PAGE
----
Sheared Bliss

I Scream, You Scream
April 1, 2010, 11:04 pm
Filed under: Food, History, Museum | Tags: , , , , , , ,

As promised – ice cream!

Different cultures have been making a variety of chilled and frozen desserts for hundreds of years.  Everyone from the Chinese to the Romans to the Persians have been credited with inventing ice cream, but their concoctions were not the same as modern ice cream.  No one has pinpointed when true ice cream came about, but the first documented advertisement for ice cream appeared in 1744 and a recipe that would result in something very similar to modern ice cream was printed in 1751.    Several of America’s founding fathers including George Washington, Thomas Jefferson, and James Madison were ice cream fanatics.

Ice cream aficionados rejoiced in the 1840s when Nancy Johnson patented the first mechanical ice cream churn.  Prior to her invention, ice cream was made by placing the ingredients in a small bowl, placing the small bowl in a larger bowl full of ice and salt, and stirring the ingredients by hand until they froze.  Johnson’s freezer still required a fair amount of elbow grease, but it did simplify the process.

To make ice cream you’ll need an ice cream base.  There are lots of recipes out there and you can use whichever one you like, but they all consist of some combination of dairy (milk, cream, and/or half and half), sugar, and flavoring (we made both lemon and vanilla ice cream at Dairy Day).  None of them contain eggs.  If you put eggs in your base, you’re making frozen custard not ice cream, just so we’re clear.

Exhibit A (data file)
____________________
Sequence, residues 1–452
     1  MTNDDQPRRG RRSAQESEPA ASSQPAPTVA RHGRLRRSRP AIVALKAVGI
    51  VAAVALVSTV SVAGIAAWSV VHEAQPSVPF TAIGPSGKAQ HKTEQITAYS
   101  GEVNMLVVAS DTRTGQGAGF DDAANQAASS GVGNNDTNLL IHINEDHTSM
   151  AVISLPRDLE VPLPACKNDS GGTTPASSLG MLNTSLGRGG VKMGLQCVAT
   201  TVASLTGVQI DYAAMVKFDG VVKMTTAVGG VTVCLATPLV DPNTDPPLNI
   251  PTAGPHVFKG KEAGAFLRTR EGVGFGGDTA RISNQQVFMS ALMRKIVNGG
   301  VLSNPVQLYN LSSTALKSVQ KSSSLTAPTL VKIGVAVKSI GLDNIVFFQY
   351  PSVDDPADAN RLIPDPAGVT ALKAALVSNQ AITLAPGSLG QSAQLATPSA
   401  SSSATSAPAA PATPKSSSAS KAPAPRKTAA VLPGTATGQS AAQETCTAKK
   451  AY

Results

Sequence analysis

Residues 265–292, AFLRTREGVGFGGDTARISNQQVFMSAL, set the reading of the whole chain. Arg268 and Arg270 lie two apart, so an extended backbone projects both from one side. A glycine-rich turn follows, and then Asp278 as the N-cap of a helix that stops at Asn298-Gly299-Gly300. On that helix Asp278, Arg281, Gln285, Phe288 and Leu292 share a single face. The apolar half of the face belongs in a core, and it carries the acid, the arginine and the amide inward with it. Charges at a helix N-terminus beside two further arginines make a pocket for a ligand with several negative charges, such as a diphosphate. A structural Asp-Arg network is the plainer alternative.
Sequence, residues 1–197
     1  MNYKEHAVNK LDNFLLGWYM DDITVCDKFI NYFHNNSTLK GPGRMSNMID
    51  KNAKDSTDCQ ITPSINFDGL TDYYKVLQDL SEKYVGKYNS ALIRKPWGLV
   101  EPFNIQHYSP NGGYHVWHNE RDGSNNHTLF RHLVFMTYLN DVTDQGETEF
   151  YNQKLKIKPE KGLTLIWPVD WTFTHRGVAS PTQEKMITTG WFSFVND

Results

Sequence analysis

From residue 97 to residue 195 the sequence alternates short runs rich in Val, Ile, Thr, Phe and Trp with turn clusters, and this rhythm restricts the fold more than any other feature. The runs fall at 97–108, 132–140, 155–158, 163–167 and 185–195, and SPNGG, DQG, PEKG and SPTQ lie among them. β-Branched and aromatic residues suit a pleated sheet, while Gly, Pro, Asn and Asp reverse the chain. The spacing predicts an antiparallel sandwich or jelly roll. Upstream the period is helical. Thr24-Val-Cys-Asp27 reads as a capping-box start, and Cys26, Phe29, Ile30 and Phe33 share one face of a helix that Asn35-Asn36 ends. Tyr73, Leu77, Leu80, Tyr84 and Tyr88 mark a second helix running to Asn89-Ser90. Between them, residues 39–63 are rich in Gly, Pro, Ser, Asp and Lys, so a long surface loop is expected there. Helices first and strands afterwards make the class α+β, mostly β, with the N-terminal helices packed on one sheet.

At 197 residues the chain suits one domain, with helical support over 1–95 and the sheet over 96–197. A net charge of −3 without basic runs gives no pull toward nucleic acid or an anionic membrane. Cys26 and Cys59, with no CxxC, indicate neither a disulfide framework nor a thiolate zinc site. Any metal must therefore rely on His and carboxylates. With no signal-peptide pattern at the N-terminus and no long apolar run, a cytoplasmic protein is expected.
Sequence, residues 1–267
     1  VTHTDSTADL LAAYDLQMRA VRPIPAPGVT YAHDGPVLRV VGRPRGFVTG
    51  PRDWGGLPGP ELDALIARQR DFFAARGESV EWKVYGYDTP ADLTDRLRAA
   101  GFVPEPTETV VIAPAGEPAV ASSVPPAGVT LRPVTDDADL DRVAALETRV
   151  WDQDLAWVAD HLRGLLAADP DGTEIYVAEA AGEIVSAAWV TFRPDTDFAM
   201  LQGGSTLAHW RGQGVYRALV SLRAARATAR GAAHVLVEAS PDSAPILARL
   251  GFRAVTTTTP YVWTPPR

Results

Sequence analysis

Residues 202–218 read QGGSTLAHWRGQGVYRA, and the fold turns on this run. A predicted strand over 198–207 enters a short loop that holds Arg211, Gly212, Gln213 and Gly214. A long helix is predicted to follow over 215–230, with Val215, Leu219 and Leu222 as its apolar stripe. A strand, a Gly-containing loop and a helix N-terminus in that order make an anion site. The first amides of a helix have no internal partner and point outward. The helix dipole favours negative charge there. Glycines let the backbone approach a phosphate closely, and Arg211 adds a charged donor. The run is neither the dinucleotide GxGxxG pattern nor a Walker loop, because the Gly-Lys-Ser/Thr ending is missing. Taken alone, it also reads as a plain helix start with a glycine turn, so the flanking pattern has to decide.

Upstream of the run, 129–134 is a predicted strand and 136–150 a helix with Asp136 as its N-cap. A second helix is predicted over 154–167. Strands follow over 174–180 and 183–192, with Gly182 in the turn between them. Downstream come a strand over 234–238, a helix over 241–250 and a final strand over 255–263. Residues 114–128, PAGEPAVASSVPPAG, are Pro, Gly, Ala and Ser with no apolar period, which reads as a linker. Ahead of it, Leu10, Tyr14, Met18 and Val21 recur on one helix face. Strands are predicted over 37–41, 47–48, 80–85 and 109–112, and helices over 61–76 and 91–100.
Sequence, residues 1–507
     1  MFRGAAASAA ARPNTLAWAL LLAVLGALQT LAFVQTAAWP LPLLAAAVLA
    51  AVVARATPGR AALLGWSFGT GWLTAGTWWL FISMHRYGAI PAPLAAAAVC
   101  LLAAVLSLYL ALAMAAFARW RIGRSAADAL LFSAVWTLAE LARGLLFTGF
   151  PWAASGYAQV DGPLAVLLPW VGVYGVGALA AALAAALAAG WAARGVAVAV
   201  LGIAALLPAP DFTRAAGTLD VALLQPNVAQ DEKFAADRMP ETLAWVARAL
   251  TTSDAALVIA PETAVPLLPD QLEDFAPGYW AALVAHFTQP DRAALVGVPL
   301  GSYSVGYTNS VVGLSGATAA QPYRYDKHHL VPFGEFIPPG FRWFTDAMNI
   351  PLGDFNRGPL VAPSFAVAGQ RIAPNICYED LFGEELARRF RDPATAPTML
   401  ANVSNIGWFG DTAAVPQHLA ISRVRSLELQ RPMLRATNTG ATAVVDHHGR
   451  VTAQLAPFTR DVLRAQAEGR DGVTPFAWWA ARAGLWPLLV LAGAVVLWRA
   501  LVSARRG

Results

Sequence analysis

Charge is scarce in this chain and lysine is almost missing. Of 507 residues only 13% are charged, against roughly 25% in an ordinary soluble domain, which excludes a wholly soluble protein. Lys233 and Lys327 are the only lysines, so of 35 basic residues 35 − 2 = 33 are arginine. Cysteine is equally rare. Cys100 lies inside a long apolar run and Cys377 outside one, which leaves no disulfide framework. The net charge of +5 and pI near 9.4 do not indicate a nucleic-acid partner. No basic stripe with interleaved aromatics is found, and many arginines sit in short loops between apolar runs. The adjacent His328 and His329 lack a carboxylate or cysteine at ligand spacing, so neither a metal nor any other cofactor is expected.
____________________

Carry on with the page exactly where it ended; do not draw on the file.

You will also need an ice cream churn (or two bowls, one slightly smaller than the other, and a big spoon, if you’re feeling brave), ice, and rock salt.  Oh yeah, and three pioneers.  Why three?

NurseK, PioneerV, and me making ice cream.

One to churn, one to sit on the churn, and one to sit on the one sitting on the churn.  Obviously.

Put your ice cream base in the canister of the churn, pack the churn with ice and rock salt, and turn the crank.  Churn constantly but slowly or you’ll make whipped cream or even butter instead of ice cream.  Yes, this really can happen, we got butter chunks in several of our batches of ice cream from too-enthusiastic churning.  Do not stop churning or it will freeze solid and you’ll have made a giant milk ice cube instead of ice cream.  As the ice cream begins to freeze, it will become harder and harder to turn the crank.  Add one pioneer to the top of the churn and keep cranking.  It will get even harder to crank.  Add the second pioneer on top of the first pioneer and keep cranking.  Eventually the churn will go from very difficult to crank to very easy.  This indicates that the ice cream has solidified around the dasher in the center of the canister and pulled away from the sides of the canister.  Open the churn.

If the ice cream is as hard as you want it, serve it up.  If you would like it more solidly frozen, you can either keep churning it while it hardens further or transfer it to another container, cover it, and put it in the freezer until it reaches your desired consistency.

Mmmm . . . ice cream . . .


1 Comment so far
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Have you ever made kick the can ice cream? Keeps the kidlets busy for certain.

Comment by Leslie

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